Tatiana and Alexander: A Love Story
Eighteen-year-old Tatiana has escaped from the Soviet Union, but the fate of her husband, Alexander, is unknown. Alexander, born in theUnited States but raised in the Soviet Union by his communist parents, is an officer in the Red Army – but if his superiors find out about his past or his secret marriage to Tatiana, he will be killed as a spy.
Tatiana and her newborn son arrive in New York, where she finds work as a nurse at Ellis Island and begins to assimilate into American culture, while Alexander struggles to survive life in the Red Army during the dismal and desperate final days of World War II. The star-crossed lovers have only memories of one other to sustain them, and little hope of a reunion, but they both persist in trying to find each other.
While Tatiana and Alexander could stand as an independent novel, reading The Bronze Horseman, the first novel in the trilogy, provides some much-needed background information on both of the main characters’ pasts. Like The Bronze Horseman, Tatiana and Alexander is at its best when Tatiana and Alexander are separated from each other, whether by distance or by circumstance. When they’re together, they’re either fighting or they’re having sex, which becomes tiresome. I was happy to see Tatiana come into her own as a capable, intelligent young woman who uses her knowledge and empathy to heal the sick and wounded.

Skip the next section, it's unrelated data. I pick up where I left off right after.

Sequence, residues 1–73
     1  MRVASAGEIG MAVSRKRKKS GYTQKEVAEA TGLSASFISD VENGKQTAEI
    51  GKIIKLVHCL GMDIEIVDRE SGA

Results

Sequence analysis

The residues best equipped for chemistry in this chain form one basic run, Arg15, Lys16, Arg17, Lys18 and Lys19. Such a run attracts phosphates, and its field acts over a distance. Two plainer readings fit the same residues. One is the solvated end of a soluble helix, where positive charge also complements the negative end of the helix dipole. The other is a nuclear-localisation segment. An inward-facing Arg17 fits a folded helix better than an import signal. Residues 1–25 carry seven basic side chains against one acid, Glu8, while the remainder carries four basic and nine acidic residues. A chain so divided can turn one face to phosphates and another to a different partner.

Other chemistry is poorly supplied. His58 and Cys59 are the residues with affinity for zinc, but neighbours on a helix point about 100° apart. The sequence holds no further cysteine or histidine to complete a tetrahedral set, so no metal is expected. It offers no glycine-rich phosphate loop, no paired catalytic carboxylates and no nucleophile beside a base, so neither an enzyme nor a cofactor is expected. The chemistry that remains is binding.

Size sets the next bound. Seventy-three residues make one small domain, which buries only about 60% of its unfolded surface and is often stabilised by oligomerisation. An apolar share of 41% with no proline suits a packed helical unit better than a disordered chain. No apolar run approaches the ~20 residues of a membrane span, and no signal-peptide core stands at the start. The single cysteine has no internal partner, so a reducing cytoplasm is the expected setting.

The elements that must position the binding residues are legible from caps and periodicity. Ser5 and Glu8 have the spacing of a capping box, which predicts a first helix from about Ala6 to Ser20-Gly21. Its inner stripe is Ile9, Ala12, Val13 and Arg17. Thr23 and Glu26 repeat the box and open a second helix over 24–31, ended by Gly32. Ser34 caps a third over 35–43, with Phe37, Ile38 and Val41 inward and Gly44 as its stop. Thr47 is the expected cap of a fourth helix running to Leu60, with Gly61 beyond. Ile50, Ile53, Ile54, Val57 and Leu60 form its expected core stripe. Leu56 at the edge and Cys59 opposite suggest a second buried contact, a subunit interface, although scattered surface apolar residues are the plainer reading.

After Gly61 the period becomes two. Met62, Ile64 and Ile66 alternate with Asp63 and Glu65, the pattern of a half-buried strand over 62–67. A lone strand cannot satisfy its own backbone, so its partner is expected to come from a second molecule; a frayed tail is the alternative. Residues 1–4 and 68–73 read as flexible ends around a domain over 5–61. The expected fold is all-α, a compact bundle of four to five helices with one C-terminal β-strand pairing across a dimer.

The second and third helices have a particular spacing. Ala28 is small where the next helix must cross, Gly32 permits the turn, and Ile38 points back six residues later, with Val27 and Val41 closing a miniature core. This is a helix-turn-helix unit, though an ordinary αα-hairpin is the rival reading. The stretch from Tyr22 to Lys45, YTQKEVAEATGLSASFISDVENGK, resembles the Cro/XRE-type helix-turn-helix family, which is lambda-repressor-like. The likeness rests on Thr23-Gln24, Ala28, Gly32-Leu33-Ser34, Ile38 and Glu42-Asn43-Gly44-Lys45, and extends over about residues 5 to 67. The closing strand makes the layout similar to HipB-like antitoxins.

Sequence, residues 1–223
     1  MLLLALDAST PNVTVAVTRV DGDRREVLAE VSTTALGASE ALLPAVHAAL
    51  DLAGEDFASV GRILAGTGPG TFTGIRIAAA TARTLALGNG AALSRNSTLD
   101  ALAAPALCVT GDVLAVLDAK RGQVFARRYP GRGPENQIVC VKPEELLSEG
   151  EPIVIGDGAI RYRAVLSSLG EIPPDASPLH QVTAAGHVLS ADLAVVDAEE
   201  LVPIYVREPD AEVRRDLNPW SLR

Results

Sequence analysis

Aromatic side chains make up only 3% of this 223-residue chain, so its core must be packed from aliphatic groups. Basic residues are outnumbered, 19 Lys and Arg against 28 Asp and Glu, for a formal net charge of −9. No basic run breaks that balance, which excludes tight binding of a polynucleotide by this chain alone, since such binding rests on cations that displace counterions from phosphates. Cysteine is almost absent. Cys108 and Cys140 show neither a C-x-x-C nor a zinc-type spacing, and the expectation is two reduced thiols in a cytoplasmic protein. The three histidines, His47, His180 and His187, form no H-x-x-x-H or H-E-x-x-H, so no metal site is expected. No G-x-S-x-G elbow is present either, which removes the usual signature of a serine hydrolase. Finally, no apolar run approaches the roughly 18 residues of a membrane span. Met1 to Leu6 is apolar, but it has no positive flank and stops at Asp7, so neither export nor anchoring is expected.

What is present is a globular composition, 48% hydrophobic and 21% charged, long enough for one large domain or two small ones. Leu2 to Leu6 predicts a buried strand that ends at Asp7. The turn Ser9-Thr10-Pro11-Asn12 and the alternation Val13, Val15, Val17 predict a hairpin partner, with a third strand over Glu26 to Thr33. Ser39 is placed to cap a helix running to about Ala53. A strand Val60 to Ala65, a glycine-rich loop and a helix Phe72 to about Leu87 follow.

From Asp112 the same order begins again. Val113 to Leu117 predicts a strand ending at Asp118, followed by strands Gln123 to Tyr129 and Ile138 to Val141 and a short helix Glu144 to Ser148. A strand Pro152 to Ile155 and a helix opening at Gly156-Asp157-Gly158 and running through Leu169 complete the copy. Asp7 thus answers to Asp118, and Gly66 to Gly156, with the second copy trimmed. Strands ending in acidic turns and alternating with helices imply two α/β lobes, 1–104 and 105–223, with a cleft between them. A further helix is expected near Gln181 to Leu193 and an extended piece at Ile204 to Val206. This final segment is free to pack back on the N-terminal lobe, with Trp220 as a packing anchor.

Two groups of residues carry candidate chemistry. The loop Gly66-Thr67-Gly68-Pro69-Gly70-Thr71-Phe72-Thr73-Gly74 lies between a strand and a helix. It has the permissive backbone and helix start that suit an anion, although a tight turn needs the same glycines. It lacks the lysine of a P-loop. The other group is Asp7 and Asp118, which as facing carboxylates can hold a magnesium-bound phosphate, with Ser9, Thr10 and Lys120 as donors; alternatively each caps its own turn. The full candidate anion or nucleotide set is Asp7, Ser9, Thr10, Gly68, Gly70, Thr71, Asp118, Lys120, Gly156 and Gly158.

While there are a few too many tidy coincidences leading to a happy ending, I still couldn’t stop reading this engaging melodrama. I look forward to the 2011 U.S. release of the final book in the trilogy.